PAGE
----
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Prochoice Catholic Theology 101

What the teachings of the Catholic church and canon law say about abortion, communion and excommunication have become an unlikely player in the 2004 US presidential election. As reported elsewhere in this issue, Vatican official Cardinal Francis Arinze, prefect of the Congregation for Divine Worship and the Sacraments, stated that Catholic politicians who support abortion rights should not receive communion. However, prior to the current furor, very little has been said about the issue, apart from periodic campaigns by right-wing Catholic groups. Over the last 15 years there have been a few, isolated, examples of church leaders punishing prochoice Catholics. Bishop Samuel Ruiz Garcia threatened excommunication of prochoice legislators in Chiapas, Mexico; Bishop Rene H. Gracida punished Catholics who worked at clinics where abortions were performed in Corpus Christi, Texas; and Bishop Leo T. Maher denied the sacraments to a politician in San Diego, California, who was running as a prochoice candidate for the California Senate.

While some conservative Catholics claim that prochoice Catholics are “heretics” or have been “automatically excommunicated” because they have had an abortion or support legal abortion, the reality is very different and this finger pointing, while politically useful to conservatives, is not an honest way to deal with differences of belief about abortion. The bottom line is that nobody can make blanket statements about what the consequences are for Catholics who support abortion rights.

Catholic Teachings on Abortion
There are many misconceptions about Catholic teachings on abortion. While it is well understood the Catholic church teaches that direct abortion is an objectively grave moral evil and is always forbidden, Catholic teachings regarding abortion itself and moral decision making in general do not end with this stark ban. There is much room in Catholic theology for the acceptance of policies that favor access to the full range of reproductive health options, including contraception and abortion. Included in a 1998 CFFC paper on some of the most important Catholic principles, teachings and traditions that recognize an individual’s moral freedom to make the abortion decision and support the establishment of non-restrictive abortion laws, are the following:

1. Catholic teaching regards the well-formed conscience, not catechism or statements by bishops, as the final arbiter in moral decision making.

2. Recent teachings of the church acknowledge that it does not know when a fetus becomes a person so it cannot state explicitly that abortion is murder. However, there is no doubt about the personhood of a pregnant woman, and the protections that the hierarchy would grant to fetal life should be extended to include women facing difficult or unsupportable pregnancies. Not only that, but for those who do think that abortion is killing, the church does permit killing in certain instances, some military conflicts being a prime example.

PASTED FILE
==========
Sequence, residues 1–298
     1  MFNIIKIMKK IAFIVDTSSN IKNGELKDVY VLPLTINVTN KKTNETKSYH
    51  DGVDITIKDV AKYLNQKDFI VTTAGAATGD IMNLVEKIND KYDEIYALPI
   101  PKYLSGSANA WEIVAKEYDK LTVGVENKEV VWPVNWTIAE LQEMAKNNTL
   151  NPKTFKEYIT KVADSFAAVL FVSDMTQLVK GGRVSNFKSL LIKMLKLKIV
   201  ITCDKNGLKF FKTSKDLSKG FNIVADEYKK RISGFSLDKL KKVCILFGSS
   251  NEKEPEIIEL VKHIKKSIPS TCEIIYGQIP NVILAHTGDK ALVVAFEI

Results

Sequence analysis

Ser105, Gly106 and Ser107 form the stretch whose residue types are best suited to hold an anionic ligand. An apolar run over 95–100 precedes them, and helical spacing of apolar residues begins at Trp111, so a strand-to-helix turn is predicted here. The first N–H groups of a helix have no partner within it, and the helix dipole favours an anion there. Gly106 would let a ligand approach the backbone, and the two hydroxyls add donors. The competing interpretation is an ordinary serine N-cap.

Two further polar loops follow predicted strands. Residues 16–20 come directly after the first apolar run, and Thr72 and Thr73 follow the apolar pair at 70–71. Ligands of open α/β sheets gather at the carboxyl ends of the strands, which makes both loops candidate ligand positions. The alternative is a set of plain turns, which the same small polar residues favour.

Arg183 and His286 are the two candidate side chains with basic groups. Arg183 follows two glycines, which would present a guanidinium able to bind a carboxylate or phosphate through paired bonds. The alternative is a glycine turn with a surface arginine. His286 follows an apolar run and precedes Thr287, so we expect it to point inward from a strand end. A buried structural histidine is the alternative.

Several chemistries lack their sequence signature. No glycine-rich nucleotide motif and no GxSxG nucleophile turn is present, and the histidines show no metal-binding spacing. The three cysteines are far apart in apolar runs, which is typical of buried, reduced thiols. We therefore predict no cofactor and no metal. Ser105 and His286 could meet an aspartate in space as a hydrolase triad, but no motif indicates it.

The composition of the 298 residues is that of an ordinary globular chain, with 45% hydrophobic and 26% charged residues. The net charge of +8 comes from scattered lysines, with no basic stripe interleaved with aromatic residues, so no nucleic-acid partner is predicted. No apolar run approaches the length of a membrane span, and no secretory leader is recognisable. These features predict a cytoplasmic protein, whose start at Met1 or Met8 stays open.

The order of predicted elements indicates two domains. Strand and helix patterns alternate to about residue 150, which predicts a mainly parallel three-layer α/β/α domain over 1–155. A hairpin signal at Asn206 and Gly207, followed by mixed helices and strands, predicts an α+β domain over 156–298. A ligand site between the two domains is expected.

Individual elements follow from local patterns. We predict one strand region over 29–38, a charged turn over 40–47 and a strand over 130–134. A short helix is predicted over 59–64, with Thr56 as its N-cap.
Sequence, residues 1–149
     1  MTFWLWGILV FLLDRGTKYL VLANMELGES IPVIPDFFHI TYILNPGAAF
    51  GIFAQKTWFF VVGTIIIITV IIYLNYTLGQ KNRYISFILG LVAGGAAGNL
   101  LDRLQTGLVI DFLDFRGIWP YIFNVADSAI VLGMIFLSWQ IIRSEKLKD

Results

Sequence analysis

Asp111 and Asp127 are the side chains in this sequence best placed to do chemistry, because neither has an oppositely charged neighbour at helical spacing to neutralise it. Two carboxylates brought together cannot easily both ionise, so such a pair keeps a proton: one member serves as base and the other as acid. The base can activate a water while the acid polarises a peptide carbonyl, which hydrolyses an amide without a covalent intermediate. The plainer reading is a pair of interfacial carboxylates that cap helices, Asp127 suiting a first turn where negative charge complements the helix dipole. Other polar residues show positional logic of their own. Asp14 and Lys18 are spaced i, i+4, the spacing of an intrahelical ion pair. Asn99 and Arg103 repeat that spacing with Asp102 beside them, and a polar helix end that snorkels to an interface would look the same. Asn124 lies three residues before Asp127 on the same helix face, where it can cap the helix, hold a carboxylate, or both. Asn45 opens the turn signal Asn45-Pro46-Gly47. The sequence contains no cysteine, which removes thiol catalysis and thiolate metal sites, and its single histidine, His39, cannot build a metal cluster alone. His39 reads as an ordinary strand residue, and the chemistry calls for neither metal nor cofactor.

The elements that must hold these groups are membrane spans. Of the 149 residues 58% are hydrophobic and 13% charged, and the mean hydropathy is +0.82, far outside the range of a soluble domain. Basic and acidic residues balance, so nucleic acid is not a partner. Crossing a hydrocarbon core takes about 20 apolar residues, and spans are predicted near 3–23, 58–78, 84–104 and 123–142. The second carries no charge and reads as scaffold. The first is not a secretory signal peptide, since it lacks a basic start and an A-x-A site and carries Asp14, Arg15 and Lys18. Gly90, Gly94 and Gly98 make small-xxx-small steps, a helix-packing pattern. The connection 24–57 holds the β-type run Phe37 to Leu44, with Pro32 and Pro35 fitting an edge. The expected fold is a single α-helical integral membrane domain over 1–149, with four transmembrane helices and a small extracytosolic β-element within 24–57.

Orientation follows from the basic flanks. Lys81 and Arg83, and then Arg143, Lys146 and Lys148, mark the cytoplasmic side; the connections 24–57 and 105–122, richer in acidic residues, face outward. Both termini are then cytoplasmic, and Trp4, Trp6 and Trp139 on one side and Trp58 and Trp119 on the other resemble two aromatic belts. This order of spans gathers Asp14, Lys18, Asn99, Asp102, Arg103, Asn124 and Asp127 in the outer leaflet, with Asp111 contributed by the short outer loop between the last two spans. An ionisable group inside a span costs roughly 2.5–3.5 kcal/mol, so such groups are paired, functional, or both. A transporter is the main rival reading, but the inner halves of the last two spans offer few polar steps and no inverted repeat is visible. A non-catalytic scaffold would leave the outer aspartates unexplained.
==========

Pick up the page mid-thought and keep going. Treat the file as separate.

3. The church has not made its teachings on abortion infallible. As recently as 1995, in Evangelium Vitae, Pope John Paul II and his advisers considered and rejected the inclusion of the adjective “infallible” to describe its teaching on abortion.

4. The Catholic system of probabilism supports Catholics’ right to dissent from church teachings if there is a solid probability that the teaching is wrong and that this belief is supported by theologians or that the dissent is informed by prayerful and thoughtful discovery.

5. Canon laws calling for automatic excommunication for abortion make significant exceptions, including for those aged 17 and under, those who are ignorant of church teachings, those who acted under duress, were unaware of the penalty or acted without full imputability. To be excommunicated automatically, a person has to believe that she has sinned. If she has examined her conscience and believes that she has done the right thing in her case, she has not sinned and so is not excommunicated.

6. Catholics share in the development of teaching through the principle of reception: this means that a particular teaching must be accepted by the community it affects. This does not condone frivolous dissent, but a thoughtful and prudent consideration of the issue. Abortion is clearly a contested area of Catholic teaching.

7. Despite its efforts to conform public policies to its teachings, church teaching clearly demands that Catholics respect the views of other faith groups, and the church accepts the principle of church-state separation.

Canon Law
The vast majority of bishops have interpreted canon law to mean that no sanctions should be visited on Catholic policy makers who vote prochoice. And with good reason.